A New Zealand man will today be extradited to Australia to face charges relating to his alleged involvement in a global paedophile ring.
The 42-year-old was arrested in New Zealand in August last year following an almost six-year investigation.
He will appear in the Brisbane Magistrate's Court in the morning and will be charged with nine counts of indecent treatment of a child under the age of 12.
The Kiwi was identified by Queensland police during examinations of images, videos and chat logs on electronic devices owned by convicted paedophiles Peter Truong and Mark Newton.
An investigation into the Cairns couple - dubbed Operation Juliet Conduit - began after they claimed to have adopted a baby from a Russian surrogate mother.
Detective Inspector Jon Rouse of Taskforce Argos - a highly specialised branch of the Queensland Police responsible for investigating online child exploitation and abuse - said it soon emerged the pair were lying.
His team discovered that Truong and Newton had actually "procured the child for the intent of sexual exploitation and had facilitated the abuse of the child as part of an international network of child sex offenders".
Truong, 46, and Newton, 39, were arrested and charged during a trip to the United States in February 2012.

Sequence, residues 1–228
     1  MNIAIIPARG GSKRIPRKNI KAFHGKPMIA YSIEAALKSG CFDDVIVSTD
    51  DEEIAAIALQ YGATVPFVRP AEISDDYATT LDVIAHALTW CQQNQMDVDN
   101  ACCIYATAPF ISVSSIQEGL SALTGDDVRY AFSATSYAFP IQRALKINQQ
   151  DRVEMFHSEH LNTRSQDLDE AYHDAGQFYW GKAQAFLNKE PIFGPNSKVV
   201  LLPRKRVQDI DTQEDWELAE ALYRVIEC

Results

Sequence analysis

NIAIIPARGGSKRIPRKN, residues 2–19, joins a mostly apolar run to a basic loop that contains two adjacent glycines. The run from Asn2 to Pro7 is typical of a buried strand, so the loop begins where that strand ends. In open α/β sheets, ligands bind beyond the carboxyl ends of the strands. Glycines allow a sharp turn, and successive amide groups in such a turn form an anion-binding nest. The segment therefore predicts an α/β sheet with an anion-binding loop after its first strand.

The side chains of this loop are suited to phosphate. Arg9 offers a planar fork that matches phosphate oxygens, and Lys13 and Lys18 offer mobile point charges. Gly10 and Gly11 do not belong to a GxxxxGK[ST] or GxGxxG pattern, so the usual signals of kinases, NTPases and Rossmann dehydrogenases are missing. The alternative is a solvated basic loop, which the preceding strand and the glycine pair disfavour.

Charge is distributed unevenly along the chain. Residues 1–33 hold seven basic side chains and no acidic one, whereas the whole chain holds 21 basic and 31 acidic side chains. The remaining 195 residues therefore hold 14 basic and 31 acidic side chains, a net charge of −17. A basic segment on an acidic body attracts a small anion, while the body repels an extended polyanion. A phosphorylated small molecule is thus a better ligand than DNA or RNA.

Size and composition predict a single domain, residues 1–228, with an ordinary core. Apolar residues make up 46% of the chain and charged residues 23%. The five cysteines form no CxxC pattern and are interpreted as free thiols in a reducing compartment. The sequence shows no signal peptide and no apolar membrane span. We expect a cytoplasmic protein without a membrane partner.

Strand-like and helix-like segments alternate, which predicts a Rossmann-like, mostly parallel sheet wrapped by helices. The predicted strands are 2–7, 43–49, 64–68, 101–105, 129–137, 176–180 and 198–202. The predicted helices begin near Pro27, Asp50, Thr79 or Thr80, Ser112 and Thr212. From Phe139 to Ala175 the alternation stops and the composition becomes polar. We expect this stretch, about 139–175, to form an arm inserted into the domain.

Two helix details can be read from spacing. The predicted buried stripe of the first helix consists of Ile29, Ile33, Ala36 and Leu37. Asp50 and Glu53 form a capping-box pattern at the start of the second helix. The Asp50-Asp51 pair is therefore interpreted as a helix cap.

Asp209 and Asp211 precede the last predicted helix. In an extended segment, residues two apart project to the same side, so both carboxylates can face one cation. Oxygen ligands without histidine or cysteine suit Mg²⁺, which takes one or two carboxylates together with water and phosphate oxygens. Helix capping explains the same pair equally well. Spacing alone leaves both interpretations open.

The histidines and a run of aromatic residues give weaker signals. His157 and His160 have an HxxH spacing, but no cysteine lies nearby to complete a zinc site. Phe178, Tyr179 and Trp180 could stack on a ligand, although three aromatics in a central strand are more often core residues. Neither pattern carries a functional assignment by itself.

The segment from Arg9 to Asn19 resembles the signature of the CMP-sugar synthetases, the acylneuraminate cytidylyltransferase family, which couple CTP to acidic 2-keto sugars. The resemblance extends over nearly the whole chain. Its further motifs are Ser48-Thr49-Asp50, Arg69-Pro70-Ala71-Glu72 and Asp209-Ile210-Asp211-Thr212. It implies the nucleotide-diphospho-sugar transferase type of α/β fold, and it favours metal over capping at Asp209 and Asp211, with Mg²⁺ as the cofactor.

Both were convicted of conspiracy to sexually exploit a child and the sexual exploitation of a child.
Truong was sentenced to 30 years in a US prison and his partner was put away for 40 years.
"During the examination of devices belonging to the men, chat logs, images and video were obtained by investigators identifying the 42-year-old New Zealand man had engaged in the sexual abuse of the child and taken hundreds of indecent images," Rouse said today.
"This arrest closes the final chapter on a protracted and difficult investigation that has resulted in the arrest of members of a child sex offender network that spanned the globe.
"It is testimony to the dedication and commitment of Queensland Police child protection investigators."
Rouse and his task force worked closely with the New Zealand Department of Internal Affairs.
The Herald can reveal that a senior DIA investigator arrested the 42-year-old, and had been involved in the Operation Juliet Conduit from the beginning.
DIA spokesman Trevor Henry could not answer questions about the case while it was before the courts.
"As this is a Queensland Police investigation before the court we are unable to comment," he said.
A Queensland Police spokeswoman said no further arrests were likely.
"From a Queensland perspective, there are no further arrests expected and no other victims," she told the Herald.
"It is the closure of a very long investigation and this is the final piece."